Stop drinking the haterade!

        • Dougie said on 31st January 2010, 19:18

          LOL! Chill PM and get down off your soapbox :-)

          I’ve got no agenda, not against Peter Windsor, USF1 or even the US itself… or for that matter against anything or anyone. I am more than excited to see them, and all the other teams, on the grid in Bahrain and throughout the season and will be rooting for all the new teams to score a few points here or there. I don’t believe there is a team on the grid I will not be happy to see doing well this year. I have my favourites sure, but I don’t wish ill on any of the teams, quite the contrary.

    • I think the position at Renault is heavily influenced by the outcome of crashgate and the team’s new structure.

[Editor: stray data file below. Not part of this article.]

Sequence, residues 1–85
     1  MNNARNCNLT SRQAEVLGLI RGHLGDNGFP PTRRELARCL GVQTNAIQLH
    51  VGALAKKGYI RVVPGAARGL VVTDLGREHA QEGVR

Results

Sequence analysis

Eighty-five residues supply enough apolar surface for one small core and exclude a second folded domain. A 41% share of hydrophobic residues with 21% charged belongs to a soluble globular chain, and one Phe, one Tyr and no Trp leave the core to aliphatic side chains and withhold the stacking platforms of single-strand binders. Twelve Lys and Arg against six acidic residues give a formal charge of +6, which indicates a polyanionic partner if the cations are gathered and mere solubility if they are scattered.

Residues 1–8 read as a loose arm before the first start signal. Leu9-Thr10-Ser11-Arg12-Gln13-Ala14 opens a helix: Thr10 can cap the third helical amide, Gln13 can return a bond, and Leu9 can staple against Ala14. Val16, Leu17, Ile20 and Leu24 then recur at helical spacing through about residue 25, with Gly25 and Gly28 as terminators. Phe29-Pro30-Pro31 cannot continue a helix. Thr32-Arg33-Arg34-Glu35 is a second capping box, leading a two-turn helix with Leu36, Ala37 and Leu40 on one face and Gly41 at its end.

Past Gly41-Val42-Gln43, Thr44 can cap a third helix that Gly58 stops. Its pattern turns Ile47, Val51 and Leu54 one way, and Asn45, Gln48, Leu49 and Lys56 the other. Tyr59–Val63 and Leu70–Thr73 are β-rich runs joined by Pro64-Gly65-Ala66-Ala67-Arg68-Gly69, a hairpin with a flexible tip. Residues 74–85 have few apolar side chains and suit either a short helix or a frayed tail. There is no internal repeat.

Had Renault pulled out of F1 in the wake of crashgate it would have been in total and utter disgrace. Whatever the real reason for a withdrawal at that point (lack of success in a difficult economic climate, for example) everyone would have remembered Renault leaving with its tail firmly between its legs. The FIA would certainly not have pulled its punches.

      But, at a time when most other manufacturers were leaving F1, Renault was able to minimise the damage to its reputation (and possibly minimise its punishment too) by pledging to continue in F1. But the parent company wants out in the near future – Renault sales are suffering just as much as anyone else’s. It is getting increasingly difficult to justify significant investment for little return.